The High Cost of Ignorance

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The High Cost of Ignorance

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Watching a well-known television news—commentary program recently, I was quite surprised at an exchange between the host and his guest. Although the host openly professes to be Christian and belongs to a major mainline denomination, he utterly rejected his guest's reference to the Old Testament to support his point. "That's all just allegorical," the host snorted. "It doesn't mean anything for us today." When the guest then tried to quote from one of Paul's epistles, the host interrupted again. "That's not the gospel," he snapped.

How sad, I thought, that such a nationally known and respected figure can so casually dismiss the Old Testament—about three quarters of the entire Bible—as "just allegorical" and irrelevant and then turn around and dismiss more than half of what's left over with "that's not the gospel."

It's this kind of thinking that prompted the theme of this issue—that the Bible is always relevant and a book for all mankind, for all ages.

Few people have ever considered the Bible a reliable guide for proper diet and good physical and mental health. Yet scattered throughout its pages are priceless laws and principles that would literally save millions of lives every year—if people would only pay attention to them.

Consider, for a moment, one of today's deadliest killers, AIDS. Probably a week doesn't go by that you don't see the disease mentioned in the headlines or referred to on the evening news. It is the fourth-leading cause of death worldwide. Yet AIDS is entirely preventable and wouldn't even exist if people only lived according to the laws revealed in the Bible.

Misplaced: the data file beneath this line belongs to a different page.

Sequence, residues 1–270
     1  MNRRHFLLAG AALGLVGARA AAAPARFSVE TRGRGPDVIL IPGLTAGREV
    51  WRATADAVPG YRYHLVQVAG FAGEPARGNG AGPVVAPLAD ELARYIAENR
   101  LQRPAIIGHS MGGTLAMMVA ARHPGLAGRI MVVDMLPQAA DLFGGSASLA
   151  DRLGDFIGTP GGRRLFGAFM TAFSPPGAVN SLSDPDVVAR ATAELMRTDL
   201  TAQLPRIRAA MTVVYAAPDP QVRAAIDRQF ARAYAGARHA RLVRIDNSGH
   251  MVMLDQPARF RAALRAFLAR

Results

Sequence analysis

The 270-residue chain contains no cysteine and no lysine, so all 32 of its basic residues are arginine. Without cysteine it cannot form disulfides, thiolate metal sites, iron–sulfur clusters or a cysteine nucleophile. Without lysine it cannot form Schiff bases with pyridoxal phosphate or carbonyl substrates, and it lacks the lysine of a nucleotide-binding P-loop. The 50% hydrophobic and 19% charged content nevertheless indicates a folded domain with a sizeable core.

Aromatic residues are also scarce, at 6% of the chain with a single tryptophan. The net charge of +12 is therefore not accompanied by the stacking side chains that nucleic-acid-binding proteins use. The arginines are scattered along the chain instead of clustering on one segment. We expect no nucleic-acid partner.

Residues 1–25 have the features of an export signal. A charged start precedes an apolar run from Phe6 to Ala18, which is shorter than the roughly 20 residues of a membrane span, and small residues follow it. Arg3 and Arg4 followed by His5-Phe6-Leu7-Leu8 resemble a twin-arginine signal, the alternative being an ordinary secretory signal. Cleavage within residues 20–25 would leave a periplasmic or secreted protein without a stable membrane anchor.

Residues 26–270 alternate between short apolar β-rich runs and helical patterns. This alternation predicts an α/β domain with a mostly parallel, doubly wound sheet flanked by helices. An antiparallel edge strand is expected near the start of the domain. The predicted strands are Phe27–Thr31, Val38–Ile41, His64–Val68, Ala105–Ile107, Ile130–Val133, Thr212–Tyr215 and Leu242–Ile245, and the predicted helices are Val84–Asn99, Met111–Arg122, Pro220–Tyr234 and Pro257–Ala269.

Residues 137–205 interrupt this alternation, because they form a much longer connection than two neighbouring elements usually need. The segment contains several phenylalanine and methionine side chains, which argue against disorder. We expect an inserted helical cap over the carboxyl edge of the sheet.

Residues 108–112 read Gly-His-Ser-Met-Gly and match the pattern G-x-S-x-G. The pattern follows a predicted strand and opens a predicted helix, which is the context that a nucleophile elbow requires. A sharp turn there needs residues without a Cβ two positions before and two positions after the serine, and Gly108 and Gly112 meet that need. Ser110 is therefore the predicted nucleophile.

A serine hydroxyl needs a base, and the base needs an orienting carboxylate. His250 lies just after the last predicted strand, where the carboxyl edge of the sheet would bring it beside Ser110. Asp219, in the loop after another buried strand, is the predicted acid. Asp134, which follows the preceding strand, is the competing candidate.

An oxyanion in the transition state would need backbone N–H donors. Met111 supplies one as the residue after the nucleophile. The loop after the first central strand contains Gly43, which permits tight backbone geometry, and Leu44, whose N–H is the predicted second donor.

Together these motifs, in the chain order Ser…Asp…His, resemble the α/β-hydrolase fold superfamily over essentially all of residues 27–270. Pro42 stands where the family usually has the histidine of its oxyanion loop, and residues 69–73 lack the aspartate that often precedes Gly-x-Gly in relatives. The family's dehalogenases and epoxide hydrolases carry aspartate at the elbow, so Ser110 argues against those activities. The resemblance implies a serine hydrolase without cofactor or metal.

How did the AIDS epidemic begin? No one knows for sure, but now we know that African green monkeys carry a related virus naturally in their blood. Several decades ago the virus jumped to human beings, apparently when hunters killed and butchered infected monkeys for food. Once it entered the human bloodstream, the virus proved deadly and unstoppable.

But it need not have started there, and wouldn't have, if people obeyed God's laws that forbid eating the flesh of apes—a biblically designated "unclean" animal. God's Word clearly states that the flesh of some animals should never be eaten (Leviticus 11; Deuteronomy 14).

So AIDS could have ended there. But it didn't. Those who were initially infected had sexual relations with their spouses—but also with others. In violating God's laws forbidding adultery (Exodus 20:14), those who were infected unknowingly passed on a death sentence to their unsuspecting sexual partners. Some of them, in turn, passed it on to others.

In the Western world the disease—still unnamed and unidentified—was first noticed in homosexual men, among whom it was spreading like wildfire. Researchers soon discovered that common homosexual practices were highly effective ways to spread the deadly virus. Such behavior is condemned in the Bible (Leviticus 20:13; 1 Corinthians 6:9-10).

In most other countries AIDS spread as a heterosexual disease (between men and women). Prostitution, extramarital and premarital sex—all violations of God's commands—saw to it that the epidemic would continue its grim march around the globe. Another factor—sharing syringes to inject illegal drugs—also played a significant role.

Now, because of all of these factors, AIDS is firmly entrenched throughout the world. At any of these stages along the way, the disease could have been confined so that it would have died out within a generation—had not people persisted in disobeying God's laws. The sins of others have affected many innocent people as well, including babies, spouses, and hemophiliacs who received tainted blood transfusions.

The world spends some $60 billion a year treating AIDS, educating people about it and trying to slow its advance. It has already taken some 20 million lives; another 36 million live under its death sentence.

That's a terribly costly price to pay for ignorance. Isn't it about time we paid attention to what God says?